“Explore the largest subtropical wilderness in US”
Everglades National Park is the largest subtropical wilderness in the United States, boasts rare and endangered species. It has been designated a World Heritage Site, International Biosphere Reserve, and Wetland of International Importance, significant to all people of the world. Although known for its vast natural landscapes, the Everglades have been home and hunting grounds for many people and groups. Since the emergence of the River of Grass, Native Americans and later on Anglo-American settlers known as “Gladesmen” traversed the wild landscape and came to rely on its abundant natural resources, and explore its mysteries. Developers would make their mark on the land in a different way, by seeking to alter the wetland landscape by draining the land and building roads and canals. In response to the rapid alterations which were affecting the Everglades, Conservation groups like the Florida Federation of Women’s Clubs pioneered efforts to reclaim and save the “River of Grass” from further development. Learn more about the people that have lived and worked in the Everglades. Everglades National Park is only a one hour drive from the hustle and bustle of Miami, but the park encompasses 1.5 million acres of tropical and subtropical habitat with one of the world’s most diverse ecosystems. It was for this very reason that Congress established the Everglades as a National Park in 1934. The park has since been designated as an International Biosphere Reserve, a Wetland of International Importance and a World Heritage Site. At least one million people from all over the world visit the Everglades each year. There are three main entry points: the Gulf Coast Visitor Center, which is closest to Naples and south of Everglades city; the Shark Valley area that can be accessed by US 41 (also known as the Tamiami Trail); and the Ernest F. Coe Visitor Center, the park’s main headquarters. The Florida Everglades are home to a diverse array of wildlife within the park’s five different habitats: the Hammock, Mangrove, Pineland, Sawgrass, and Slough. Notable Everglades animals include tree frogs, alligators, the American crocodile, manatee, Key deer, otters, and the Florida panther. The park is located along avian migratory routes, so birding is also a popular activity.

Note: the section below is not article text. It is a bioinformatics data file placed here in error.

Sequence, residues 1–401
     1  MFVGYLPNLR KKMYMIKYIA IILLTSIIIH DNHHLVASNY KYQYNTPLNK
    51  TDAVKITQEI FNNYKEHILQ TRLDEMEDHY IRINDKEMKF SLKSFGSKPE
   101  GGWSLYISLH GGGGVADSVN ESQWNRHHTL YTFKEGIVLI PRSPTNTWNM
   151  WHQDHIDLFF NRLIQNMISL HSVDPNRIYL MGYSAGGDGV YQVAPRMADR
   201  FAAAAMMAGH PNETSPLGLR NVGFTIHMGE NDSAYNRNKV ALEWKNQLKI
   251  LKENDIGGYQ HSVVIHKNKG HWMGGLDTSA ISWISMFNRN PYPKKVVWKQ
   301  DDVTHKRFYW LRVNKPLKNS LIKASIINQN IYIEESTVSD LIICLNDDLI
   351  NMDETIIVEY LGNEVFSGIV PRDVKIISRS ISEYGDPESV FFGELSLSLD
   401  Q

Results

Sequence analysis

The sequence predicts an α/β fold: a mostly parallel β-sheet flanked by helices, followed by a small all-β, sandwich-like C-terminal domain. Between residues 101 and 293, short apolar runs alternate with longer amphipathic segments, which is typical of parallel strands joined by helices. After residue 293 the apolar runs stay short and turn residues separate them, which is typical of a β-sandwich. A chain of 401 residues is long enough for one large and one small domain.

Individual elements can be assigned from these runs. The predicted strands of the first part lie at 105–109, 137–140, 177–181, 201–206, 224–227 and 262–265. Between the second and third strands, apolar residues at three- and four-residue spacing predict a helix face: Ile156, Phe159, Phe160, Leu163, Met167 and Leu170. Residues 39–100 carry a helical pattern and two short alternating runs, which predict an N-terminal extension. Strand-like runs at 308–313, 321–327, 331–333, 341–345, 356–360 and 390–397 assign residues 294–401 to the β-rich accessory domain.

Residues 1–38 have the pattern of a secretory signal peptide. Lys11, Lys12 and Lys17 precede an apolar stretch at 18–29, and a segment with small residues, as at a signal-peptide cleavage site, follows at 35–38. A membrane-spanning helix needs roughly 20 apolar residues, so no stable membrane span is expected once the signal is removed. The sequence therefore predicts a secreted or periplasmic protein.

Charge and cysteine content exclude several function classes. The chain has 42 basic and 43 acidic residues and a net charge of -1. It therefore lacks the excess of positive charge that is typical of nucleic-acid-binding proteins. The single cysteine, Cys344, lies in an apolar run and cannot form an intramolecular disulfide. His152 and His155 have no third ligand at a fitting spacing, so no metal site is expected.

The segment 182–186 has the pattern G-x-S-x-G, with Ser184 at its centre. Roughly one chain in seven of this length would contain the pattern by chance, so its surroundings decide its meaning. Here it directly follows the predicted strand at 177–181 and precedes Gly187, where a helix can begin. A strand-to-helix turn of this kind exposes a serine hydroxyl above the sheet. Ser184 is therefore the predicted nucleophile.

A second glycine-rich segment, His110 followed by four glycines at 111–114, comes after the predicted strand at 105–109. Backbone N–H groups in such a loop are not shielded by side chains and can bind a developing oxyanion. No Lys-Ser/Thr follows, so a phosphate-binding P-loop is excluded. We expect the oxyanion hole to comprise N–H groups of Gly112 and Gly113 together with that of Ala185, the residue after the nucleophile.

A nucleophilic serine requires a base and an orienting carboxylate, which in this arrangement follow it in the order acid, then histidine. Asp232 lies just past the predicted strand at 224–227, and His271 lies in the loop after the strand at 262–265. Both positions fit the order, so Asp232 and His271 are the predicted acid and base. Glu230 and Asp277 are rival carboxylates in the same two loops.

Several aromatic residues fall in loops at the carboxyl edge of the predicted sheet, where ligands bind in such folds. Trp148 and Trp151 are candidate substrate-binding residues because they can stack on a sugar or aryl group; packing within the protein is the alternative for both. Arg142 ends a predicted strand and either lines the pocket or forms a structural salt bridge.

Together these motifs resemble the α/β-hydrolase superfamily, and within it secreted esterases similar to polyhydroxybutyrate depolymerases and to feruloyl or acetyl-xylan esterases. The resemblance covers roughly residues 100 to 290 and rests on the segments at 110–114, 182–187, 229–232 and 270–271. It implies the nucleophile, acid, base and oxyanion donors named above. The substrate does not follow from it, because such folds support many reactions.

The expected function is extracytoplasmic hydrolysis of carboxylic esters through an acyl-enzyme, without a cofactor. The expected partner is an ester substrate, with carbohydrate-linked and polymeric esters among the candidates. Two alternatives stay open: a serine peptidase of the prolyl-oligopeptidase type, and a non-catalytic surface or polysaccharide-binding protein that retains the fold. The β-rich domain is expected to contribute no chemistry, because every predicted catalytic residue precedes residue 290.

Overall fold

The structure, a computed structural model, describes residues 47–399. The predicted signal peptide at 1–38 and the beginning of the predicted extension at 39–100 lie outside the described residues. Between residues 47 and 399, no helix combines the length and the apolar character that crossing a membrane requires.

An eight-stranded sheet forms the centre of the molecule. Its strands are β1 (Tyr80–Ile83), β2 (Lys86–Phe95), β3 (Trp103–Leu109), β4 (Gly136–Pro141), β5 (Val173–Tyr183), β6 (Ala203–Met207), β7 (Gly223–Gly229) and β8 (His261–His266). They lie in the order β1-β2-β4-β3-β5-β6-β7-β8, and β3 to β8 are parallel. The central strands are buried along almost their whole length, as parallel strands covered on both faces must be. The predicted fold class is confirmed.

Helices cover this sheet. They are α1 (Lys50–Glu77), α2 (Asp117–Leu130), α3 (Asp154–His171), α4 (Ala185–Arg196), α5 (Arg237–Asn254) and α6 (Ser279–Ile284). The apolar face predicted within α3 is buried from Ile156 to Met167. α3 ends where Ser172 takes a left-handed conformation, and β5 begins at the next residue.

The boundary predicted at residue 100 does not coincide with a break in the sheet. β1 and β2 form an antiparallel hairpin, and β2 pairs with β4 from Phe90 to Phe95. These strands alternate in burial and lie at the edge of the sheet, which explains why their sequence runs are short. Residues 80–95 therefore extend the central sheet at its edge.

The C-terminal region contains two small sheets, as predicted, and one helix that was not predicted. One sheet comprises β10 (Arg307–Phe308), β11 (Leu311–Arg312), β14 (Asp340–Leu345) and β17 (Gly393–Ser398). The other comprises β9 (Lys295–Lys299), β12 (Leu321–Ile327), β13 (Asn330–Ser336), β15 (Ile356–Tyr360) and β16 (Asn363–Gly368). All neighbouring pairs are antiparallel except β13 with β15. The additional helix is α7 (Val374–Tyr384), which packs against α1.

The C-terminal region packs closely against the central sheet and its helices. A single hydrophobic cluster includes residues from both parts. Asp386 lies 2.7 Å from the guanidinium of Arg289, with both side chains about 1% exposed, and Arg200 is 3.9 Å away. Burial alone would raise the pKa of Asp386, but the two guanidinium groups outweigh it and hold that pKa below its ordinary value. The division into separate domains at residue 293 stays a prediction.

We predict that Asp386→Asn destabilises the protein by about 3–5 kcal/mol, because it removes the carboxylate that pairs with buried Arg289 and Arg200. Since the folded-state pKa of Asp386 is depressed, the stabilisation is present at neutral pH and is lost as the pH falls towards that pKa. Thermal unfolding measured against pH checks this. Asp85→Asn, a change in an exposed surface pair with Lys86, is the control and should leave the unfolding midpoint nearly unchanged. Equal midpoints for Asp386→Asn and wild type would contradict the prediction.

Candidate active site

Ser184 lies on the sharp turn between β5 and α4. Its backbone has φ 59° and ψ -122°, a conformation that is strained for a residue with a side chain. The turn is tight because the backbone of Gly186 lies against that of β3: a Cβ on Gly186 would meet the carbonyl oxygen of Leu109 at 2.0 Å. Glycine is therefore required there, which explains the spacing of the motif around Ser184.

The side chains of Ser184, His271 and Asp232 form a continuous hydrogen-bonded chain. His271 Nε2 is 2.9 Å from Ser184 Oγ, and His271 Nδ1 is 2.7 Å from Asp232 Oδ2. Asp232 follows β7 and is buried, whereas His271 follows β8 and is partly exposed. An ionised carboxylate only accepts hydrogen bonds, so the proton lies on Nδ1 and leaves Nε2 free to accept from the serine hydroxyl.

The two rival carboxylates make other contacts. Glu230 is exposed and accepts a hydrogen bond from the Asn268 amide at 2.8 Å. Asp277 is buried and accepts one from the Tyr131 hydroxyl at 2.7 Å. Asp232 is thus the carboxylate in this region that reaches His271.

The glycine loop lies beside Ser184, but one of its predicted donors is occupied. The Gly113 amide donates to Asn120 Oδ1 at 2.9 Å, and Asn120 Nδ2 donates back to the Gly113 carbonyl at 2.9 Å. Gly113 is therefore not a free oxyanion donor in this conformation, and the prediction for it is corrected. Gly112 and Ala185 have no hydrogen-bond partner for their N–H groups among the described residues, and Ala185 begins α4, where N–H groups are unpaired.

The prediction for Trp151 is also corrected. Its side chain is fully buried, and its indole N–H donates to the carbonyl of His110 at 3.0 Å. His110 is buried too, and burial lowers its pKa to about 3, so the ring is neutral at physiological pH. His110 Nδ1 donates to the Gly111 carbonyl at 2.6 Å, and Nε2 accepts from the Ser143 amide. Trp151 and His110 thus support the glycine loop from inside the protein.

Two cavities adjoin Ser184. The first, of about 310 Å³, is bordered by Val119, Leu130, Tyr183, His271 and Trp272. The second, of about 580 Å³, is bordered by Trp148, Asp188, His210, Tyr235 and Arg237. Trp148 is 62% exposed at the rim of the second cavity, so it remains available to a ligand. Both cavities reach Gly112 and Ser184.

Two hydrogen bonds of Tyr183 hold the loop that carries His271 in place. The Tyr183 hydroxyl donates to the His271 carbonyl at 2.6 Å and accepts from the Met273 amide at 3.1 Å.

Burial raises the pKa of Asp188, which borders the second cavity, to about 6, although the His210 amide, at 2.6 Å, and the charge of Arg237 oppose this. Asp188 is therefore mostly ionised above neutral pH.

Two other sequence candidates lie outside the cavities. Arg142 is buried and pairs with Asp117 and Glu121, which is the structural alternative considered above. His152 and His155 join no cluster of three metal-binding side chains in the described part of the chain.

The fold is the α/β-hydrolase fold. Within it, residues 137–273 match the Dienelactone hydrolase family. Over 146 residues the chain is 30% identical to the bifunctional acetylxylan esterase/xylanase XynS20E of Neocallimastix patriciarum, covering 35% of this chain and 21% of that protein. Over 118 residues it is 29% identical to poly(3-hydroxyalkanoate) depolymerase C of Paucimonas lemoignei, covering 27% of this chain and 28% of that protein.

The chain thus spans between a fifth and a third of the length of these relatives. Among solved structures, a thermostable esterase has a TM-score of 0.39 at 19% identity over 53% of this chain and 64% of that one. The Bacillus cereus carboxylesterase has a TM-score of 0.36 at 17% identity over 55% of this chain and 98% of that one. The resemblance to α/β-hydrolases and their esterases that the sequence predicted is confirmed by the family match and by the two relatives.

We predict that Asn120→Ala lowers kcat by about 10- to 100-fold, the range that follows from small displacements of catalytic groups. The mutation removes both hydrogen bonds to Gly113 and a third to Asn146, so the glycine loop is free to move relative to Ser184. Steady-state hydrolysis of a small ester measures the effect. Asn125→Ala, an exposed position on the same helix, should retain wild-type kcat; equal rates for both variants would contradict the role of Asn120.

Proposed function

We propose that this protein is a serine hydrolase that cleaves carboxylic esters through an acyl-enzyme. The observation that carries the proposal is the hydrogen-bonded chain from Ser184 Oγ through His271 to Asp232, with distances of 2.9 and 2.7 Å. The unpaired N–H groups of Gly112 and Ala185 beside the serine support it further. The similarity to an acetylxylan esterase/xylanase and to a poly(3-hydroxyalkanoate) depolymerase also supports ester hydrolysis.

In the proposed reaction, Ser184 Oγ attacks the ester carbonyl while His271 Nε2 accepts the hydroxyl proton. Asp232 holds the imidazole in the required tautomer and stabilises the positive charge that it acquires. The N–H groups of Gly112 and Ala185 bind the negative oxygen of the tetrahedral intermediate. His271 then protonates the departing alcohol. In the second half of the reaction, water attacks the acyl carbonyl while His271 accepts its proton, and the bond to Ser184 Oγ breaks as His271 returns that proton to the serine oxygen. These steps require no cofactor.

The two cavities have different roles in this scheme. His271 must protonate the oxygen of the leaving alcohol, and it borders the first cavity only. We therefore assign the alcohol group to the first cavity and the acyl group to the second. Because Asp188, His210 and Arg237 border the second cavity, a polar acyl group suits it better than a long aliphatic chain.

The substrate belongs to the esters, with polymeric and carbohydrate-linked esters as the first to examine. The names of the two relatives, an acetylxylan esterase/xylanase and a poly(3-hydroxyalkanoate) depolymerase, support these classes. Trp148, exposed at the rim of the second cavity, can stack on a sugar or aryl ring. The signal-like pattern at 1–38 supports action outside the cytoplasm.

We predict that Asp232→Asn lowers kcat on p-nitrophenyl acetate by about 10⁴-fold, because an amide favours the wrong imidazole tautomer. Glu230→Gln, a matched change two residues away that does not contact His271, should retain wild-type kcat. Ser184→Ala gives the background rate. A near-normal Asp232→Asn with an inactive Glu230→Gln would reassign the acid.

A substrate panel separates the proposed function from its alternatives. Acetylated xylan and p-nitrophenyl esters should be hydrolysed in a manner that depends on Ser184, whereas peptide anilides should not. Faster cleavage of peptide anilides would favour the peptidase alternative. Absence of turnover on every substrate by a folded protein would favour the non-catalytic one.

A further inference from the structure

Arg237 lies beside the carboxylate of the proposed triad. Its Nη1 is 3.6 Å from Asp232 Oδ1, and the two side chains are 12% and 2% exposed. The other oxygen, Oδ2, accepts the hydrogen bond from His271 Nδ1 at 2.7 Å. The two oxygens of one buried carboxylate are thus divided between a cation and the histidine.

Be sure to hit up the Ernest Coe Visitor Center. There's orientation videos, and exhibits. If you have kids, look into the Junior Ranger program. There's lots of companies around the park that offer airboat tours. They're fantastic. I highly recommend them. There's also a Shark Valley tram tour, which is really fun. Also, for a breathtaking view, visit the Shark Valley Observation Tower. Lastly, there's a few self-guided trail walks around the park that shouldn't' be missed. The Gumbo Limbo Trail and the Anhinga Trail. Both are under a mile, and are very impressive.
The everglades are beautiful. If you want to go and see tons of alligators from your car forget alligator alley! Go to the Tamiami Trail visitor center and check out loop road. It is right by the visitor center. I am not sure why it isn't on this site because it should be. We have always seen TONS of alligators from the car and it's free! Loop Road is a long 27 mile dirt road with huge ditches on the sides. You can pull off and get out and check them out and it isn't crowded. Get gas before you go!